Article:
What's going on here? One of the steadiest pitchers of the past half-decade -- longer even -- finally has a misstep, and that's it? Bury him and move on? It's true that Kyle Hendricks was frustratingly inconsistent last year, with the final numbers being what they are, but amid the struggles, he had a stretch of 12 quality starts in 13 chances in which he delivered a 2.50 ERA. His stuff wasn't diminished in any way (to the extent we can tell for someone who throws 88 mph), so I suspect his command was just a little off. I'd be leery if we were still drafting him like a top-25 starting pitcher, but this is ridiculous.
Zack Greinke SP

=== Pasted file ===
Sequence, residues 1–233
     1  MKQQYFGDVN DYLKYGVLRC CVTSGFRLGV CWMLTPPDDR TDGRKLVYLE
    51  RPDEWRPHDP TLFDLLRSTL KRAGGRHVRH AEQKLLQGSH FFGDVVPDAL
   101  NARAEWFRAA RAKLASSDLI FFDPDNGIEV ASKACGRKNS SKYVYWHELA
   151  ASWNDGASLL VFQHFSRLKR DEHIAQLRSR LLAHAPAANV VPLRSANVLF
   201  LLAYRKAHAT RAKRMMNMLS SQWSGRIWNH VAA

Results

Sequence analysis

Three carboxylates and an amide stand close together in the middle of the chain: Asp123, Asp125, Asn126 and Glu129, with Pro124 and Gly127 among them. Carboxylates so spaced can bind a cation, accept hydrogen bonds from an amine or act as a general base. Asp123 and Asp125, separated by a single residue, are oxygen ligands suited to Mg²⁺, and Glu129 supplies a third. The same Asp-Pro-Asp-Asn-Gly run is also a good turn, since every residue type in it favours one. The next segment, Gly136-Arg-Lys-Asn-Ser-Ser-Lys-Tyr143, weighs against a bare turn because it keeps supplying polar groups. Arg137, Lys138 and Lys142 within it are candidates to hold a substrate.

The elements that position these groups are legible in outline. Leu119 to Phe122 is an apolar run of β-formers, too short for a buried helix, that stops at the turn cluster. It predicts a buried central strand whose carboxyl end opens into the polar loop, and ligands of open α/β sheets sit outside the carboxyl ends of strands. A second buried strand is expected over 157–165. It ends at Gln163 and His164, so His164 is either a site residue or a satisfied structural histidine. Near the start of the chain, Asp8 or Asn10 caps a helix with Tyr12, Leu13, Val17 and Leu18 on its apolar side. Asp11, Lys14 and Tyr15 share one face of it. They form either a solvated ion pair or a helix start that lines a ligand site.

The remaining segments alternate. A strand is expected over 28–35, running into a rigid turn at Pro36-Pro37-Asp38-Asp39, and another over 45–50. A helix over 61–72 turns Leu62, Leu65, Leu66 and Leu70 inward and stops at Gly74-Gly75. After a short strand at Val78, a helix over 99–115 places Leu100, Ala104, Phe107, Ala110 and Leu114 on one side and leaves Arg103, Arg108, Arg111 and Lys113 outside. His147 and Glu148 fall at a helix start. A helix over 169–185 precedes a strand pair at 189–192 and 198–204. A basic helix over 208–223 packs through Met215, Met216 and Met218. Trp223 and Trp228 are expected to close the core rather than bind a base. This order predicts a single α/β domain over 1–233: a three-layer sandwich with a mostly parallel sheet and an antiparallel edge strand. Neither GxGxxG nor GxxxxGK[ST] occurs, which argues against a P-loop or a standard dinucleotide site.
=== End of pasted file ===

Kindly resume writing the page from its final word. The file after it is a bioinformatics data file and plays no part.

KC Kansas City • #23 • Age: 38
Everything I just said about Kyle Hendricks could also apply to Zack Greinke, right down to him throwing 88 mph. The case for his decline is a little easier given that he's 38 (as opposed to 32), but again, you would think the raw stuff would reflect it more. I was prepared to downgrade him coming off his worst season in six years, but let's not forget we were drafting him as a top-20 starting pitcher just last year, not to mention the entire decade prior. Underwhelming though his numbers were, they were still useful in many respects, and if his 2021 turns out to be just a blip in a Hall of Fame career, he'll be one of the biggest steals of the draft.
Nicky Lopez 2B
KC Kansas City • #8 • Age: 27